Thursday, 8 July 2021

IPA consumed in the UK in the 1840s

To complete the 1840s IPA set, we've got a selection of domestic versions. This is so much fun.

Again, there are  some surprisingly weak examples. The lowest OG is just under 1045º. To put that into context, William Younger's Table Beer from around the same period wasn't much weaker at 1036º. And Whitbread's X Ale, their weakest Mild, was 1074º in 1844, considerably stronger than any of the IPAs in the table. Though, due to a lower degree of attenuation, it was only around 6% ABV.

Speaking of attenuation, as with the export IPAs, it's extremely high, averaging not far short of 90%. That's extremely high for the first half of the 19th century. Only one example is under 80%, and only just. Somewhat surprisingly, the the draught versi0ons aren't significantly less well attenuated than the bottled ones.

The average OG, on the other hand, is considerably lower than in the export versions. Which was1059.8º for the India-bound versions and 1064.6º for exports to other destinations.

IPA consumed in the UK in the 1840s
Year package Beer OG FG ABV App. Atten-uation
1844 bottled 60/- IPA Home 1044.7 1005.0 5.04 88.81%
1844 bottled 60/- IPA Home 1047.2 1006.0 5.23 87.28%
1844 bottled 60/- IPA Home 1049.9 1004.3 5.8 91.49%
1844 draught 81/- IPA Home 1059.3 1012.0 6 79.75%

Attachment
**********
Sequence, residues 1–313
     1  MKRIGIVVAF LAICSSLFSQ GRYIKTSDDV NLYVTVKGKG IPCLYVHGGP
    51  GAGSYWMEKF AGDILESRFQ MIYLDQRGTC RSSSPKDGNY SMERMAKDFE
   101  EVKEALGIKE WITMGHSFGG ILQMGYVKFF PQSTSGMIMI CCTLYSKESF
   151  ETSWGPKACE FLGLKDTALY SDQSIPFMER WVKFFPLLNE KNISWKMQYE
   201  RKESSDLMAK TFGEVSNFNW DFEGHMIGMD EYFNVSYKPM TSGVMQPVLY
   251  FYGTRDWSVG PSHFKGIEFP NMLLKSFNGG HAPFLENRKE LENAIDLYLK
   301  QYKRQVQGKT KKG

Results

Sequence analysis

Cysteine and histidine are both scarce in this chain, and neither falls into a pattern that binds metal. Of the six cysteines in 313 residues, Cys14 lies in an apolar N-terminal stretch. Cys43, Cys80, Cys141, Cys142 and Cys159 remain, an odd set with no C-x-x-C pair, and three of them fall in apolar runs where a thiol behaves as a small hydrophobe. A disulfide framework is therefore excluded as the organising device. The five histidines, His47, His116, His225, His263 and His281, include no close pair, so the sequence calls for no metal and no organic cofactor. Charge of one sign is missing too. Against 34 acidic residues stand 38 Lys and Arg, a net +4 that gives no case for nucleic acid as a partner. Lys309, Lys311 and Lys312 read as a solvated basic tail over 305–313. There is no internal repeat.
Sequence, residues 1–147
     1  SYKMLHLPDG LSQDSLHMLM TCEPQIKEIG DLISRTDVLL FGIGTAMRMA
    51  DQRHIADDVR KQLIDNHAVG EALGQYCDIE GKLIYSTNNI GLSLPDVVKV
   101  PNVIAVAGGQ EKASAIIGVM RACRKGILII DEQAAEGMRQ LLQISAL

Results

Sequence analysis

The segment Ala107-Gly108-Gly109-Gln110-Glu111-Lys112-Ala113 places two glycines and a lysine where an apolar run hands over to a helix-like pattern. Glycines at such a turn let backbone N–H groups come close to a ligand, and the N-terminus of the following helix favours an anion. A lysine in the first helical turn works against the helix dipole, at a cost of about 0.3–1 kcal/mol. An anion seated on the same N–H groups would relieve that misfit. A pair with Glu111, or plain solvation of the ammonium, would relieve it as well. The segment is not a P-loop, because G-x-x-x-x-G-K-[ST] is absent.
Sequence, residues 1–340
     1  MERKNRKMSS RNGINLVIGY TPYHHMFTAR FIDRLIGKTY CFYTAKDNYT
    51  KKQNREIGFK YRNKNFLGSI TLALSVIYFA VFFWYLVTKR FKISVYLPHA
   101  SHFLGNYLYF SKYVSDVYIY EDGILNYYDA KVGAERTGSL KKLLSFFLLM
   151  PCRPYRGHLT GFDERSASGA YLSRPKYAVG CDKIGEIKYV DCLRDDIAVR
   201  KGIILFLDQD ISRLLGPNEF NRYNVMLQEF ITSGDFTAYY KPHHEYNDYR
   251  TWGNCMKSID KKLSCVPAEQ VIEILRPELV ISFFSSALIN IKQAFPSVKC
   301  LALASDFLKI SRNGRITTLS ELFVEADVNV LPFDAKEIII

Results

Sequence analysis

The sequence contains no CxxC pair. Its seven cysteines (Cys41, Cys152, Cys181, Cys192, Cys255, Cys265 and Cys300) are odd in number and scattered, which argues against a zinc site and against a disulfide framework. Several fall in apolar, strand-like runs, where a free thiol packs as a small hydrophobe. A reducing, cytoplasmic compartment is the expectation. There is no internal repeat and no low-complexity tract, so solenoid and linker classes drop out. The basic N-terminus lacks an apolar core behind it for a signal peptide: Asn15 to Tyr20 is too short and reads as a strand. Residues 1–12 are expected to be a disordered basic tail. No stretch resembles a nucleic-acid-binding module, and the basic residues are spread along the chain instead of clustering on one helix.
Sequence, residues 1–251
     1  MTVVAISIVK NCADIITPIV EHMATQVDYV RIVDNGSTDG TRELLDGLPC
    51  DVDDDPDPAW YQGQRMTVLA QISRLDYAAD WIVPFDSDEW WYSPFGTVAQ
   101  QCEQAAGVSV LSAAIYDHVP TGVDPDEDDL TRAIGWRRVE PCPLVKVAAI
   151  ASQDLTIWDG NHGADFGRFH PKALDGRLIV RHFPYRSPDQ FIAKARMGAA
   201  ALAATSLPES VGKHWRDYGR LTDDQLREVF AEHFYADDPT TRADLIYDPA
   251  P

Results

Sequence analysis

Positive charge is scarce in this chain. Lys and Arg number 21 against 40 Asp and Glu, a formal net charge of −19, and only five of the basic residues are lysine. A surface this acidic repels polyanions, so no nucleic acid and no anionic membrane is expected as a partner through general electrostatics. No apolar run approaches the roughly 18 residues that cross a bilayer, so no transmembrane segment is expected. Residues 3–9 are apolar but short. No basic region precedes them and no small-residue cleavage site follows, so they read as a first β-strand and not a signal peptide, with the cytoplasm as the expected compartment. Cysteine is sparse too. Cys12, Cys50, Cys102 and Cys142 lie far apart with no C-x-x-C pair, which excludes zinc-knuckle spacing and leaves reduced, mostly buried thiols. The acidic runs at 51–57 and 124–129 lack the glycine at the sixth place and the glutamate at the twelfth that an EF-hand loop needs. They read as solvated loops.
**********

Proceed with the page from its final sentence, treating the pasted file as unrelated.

1845 draught 81/- IPA Home 1053.8 1006.5 6 87.91%
1845 bottled 81/- IPA Home 1054.8 1006.0 6.2 89.06%
1845 bottled 81/- IPA Home 1058.6 1005.0 6.8 91.46%
1845 bottled 81/- IPA Home 1058.8 1005.3 6.8 91.07%
1845 bottled 81/- IPA Home 1060.1 1005.0 7 91.68%
1846 draught 90/- IPA Home 1055.3 1006.5 6.2 88.25%
    Average 1054.2 1006.2 6.11 88.68%
“Scottish Ale Brewer”, by W.H. Roberts, Edinburgh, 1847,  pages 171 and 173




Anonymous said...

Ron, how did the brewers attain such a high degree of attenuation? I think you alluded to a secondary Brettanomyces fermentation (though of course they wouldn't have called it that), is that the explanation? Or were the brewers also adjusting their mash schedules to increase the fermentability of the wort? I believe it would have technically been legal to use sugar at this time but if I recall correctly this was uncommon due to adverse tax consequences, so I'd imagine that's not the explanation.

Ron Pattinson said...


the simple answer is: a Brettanomyces secondary fermentation. Sugar wasn't legal until 1847.